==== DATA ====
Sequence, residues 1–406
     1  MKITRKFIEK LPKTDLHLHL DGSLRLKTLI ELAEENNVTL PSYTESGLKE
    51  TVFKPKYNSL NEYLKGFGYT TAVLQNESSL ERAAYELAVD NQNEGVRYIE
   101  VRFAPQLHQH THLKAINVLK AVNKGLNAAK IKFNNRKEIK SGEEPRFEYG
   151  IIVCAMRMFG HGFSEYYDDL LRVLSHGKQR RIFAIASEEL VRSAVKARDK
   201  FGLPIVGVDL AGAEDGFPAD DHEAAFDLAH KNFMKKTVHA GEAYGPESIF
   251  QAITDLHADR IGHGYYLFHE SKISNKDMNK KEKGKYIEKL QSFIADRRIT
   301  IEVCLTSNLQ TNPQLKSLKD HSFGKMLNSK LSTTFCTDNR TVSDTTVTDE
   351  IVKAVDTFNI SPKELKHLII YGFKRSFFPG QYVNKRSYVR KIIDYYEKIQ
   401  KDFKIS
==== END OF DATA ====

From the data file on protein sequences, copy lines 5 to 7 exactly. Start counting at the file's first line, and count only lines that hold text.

   151  IIVCAMRMFG HGFSEYYDDL LRVLSHGKQR RIFAIASEEL VRSAVKARDK
   201  FGLPIVGVDL AGAEDGFPAD DHEAAFDLAH KNFMKKTVHA GEAYGPESIF
   251  QAITDLHADR IGHGYYLFHE SKISNKDMNK KEKGKYIEKL QSFIADRRIT